As residents continue to work remotely from home, the need to be close to workplaces and urban centres is becoming less of a priority. In turn, this has led to more Canadians uprooting their lives to move out of the city and into the suburbs… and sometimes those suburbs are in an entirely different province.
Case in point, inter-provincial migration rates reached their highest level in over thirty years.
In fact, during the second quarter of 2021, inter-provincial migration advanced 55.1%, totalling just over 123,000 people, according to Statistics Canada. This was the highest change in residents relocating from one province to another since the third quarter of 1991, however, it was still below the record high of about 150,000 in the late 1970s, according to RE/MAX.
Of all the provinces, Ontario experienced the biggest population decline, with nearly 12,000 residents leaving the province. This marked the largest population outflow since the early 1980s.
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And rightfully so, Ontario is home to some of the country’s highest housing prices, and the cost of living also doesn’t come cheap. Currently, the average price for a home in the province is $887,290, compared to the national average of $686,656, according to the latest data from the Canadian Real Estate Association (CREA).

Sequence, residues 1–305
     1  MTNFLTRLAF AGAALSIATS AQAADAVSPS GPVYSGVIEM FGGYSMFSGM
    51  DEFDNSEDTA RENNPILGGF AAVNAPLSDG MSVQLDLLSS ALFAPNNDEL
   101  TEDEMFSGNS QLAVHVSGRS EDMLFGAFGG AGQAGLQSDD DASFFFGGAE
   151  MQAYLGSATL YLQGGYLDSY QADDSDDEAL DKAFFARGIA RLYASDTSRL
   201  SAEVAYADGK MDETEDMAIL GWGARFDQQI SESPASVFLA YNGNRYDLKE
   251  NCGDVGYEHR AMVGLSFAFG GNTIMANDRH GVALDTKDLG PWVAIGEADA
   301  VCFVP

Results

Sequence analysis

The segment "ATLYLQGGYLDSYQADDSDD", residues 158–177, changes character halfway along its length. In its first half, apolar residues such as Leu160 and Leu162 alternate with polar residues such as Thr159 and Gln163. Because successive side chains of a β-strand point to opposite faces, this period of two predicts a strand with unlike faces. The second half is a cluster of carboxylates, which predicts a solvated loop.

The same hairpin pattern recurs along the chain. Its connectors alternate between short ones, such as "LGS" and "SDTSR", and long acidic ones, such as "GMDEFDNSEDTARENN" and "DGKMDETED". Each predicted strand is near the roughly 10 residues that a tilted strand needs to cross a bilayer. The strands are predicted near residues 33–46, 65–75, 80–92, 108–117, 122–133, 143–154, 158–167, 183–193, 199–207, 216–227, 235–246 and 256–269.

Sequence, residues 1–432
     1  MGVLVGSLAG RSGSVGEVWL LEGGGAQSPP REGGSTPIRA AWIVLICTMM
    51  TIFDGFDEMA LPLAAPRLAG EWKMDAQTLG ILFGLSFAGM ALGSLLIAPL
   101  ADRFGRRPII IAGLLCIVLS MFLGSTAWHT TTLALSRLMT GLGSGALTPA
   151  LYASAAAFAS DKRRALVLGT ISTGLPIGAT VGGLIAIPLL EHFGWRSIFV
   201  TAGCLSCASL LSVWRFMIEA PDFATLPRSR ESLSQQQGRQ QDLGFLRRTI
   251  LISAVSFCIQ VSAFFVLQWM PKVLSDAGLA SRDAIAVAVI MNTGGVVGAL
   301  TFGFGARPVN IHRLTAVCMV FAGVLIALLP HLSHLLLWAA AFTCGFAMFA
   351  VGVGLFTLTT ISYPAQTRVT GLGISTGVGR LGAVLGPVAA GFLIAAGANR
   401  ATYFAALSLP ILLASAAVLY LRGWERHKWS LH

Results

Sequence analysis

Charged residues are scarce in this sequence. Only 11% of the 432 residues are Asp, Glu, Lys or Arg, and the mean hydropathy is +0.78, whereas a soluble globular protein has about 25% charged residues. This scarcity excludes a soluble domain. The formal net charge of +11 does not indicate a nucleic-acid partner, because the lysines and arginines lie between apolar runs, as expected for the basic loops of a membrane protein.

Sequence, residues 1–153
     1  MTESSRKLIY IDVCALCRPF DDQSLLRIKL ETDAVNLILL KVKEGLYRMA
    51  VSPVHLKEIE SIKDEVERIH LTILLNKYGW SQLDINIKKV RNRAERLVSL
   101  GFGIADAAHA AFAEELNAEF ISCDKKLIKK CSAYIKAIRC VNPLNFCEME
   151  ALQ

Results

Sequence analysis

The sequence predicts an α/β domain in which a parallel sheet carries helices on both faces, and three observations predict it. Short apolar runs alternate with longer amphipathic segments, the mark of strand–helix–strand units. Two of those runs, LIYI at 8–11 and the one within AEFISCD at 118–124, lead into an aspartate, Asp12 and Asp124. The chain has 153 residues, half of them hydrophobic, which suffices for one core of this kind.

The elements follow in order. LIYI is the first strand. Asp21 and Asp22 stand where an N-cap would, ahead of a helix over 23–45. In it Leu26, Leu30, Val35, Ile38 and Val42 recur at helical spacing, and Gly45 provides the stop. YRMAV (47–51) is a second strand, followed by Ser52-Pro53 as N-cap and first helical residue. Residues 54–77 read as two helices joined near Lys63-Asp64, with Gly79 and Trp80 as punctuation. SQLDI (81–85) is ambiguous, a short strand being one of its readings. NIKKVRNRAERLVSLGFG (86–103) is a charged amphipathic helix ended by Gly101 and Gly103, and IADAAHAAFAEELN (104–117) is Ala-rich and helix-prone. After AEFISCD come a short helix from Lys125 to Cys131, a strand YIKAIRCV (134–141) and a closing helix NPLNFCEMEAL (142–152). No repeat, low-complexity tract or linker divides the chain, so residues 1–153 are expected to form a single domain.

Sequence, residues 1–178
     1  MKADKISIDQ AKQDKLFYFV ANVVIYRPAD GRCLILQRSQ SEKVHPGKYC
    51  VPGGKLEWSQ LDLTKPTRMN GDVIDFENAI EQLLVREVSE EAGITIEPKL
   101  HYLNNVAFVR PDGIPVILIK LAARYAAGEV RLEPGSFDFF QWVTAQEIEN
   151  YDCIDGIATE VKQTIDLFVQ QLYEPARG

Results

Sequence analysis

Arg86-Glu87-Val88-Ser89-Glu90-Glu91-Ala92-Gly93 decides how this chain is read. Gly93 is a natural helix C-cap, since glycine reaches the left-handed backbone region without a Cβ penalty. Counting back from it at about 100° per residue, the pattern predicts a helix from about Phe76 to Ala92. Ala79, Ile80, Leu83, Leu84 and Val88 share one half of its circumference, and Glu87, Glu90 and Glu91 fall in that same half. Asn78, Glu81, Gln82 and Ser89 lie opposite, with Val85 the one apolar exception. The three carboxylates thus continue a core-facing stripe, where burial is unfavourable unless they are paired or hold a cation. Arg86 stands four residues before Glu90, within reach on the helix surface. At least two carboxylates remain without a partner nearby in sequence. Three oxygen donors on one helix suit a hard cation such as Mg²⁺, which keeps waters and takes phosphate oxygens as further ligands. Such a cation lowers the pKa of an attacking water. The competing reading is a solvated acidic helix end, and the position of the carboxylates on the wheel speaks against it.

This comes at a time when Canadian homebuyers continue to take advantage of historically low-interest rates and, with limited supply in most large cities, buyers are turning to other provinces or smaller suburban pockets to buy real estate, raising the prices of once-affordable homes to remarkable levels in the process.
So, where exactly are residents migrating to? According to the Statistics Canada data, British Columbia attracted the highest number of Canadians in the second quarter, growing by more than 15,000 people. At the same time, the growth in Atlantic Canada has also been noteworthy, with the Maritime region experiencing its largest population growth since 1961.
According to RE/MAX’s fall Canadian Housing Market Outlook, housing market activity in Atlantic Canada remained persistent year-over-year with Halifax and Moncton seeing significant price increases across all property types.
Single-detached homes in Halifax rose 24.3% year-over-year from $402,484 to $500,147. Meanwhile, Moncton detached prices gained 21.2% year-over-year, from $233,676 to $282,886.
Given that Atlantic Canada is home to cheaper living costs and lower real estate prices, it’s no wonder that the region continues to draw in out-of-province buyers. Of course, the region’s quaint charm and coastal views don’t hurt either.
Despite Ontario recording the largest population loss, all is not lost. The Canadian government has pledged to allow approximately 1.2 million newcomers into the country over the next three years, with many expected to call Ontario home.
However, with an influx of new residents anticipated, a boost in demand can only be expected, putting further pressure on the already limited housing supply.
To keep up with population growth, including new young families, and to address current and future housing supply shortages, it’s expected that Canada’s most populous province will need about one million new homes built over the next ten years.
Though, given the current draw of Atlantic Canada, perhaps cities like Halifax and Fredericton might serve as an ideal place for newcomers to call home, especially from an affordability standpoint.
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